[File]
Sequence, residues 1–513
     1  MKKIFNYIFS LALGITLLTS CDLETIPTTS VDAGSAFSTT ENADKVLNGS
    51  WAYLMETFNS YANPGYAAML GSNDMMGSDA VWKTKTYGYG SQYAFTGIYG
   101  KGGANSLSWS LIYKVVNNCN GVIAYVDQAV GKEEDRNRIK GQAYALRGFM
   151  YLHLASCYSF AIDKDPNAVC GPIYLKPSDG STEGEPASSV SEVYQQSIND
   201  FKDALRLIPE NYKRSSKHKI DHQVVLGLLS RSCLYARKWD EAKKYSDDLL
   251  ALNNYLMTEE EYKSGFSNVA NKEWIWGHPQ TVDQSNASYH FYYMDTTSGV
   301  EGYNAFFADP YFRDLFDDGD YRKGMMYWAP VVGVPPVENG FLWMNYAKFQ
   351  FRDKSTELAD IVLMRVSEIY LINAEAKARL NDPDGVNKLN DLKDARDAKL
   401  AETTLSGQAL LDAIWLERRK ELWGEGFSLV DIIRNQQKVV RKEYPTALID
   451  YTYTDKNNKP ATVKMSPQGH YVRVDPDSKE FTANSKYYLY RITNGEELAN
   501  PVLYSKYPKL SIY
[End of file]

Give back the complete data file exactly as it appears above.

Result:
Sequence, residues 1–513
     1  MKKIFNYIFS LALGITLLTS CDLETIPTTS VDAGSAFSTT ENADKVLNGS
    51  WAYLMETFNS YANPGYAAML GSNDMMGSDA VWKTKTYGYG SQYAFTGIYG
   101  KGGANSLSWS LIYKVVNNCN GVIAYVDQAV GKEEDRNRIK GQAYALRGFM
   151  YLHLASCYSF AIDKDPNAVC GPIYLKPSDG STEGEPASSV SEVYQQSIND
   201  FKDALRLIPE NYKRSSKHKI DHQVVLGLLS RSCLYARKWD EAKKYSDDLL
   251  ALNNYLMTEE EYKSGFSNVA NKEWIWGHPQ TVDQSNASYH FYYMDTTSGV
   301  EGYNAFFADP YFRDLFDDGD YRKGMMYWAP VVGVPPVENG FLWMNYAKFQ
   351  FRDKSTELAD IVLMRVSEIY LINAEAKARL NDPDGVNKLN DLKDARDAKL
   401  AETTLSGQAL LDAIWLERRK ELWGEGFSLV DIIRNQQKVV RKEYPTALID
   451  YTYTDKNNKP ATVKMSPQGH YVRVDPDSKE FTANSKYYLY RITNGEELAN
   501  PVLYSKYPKL SIY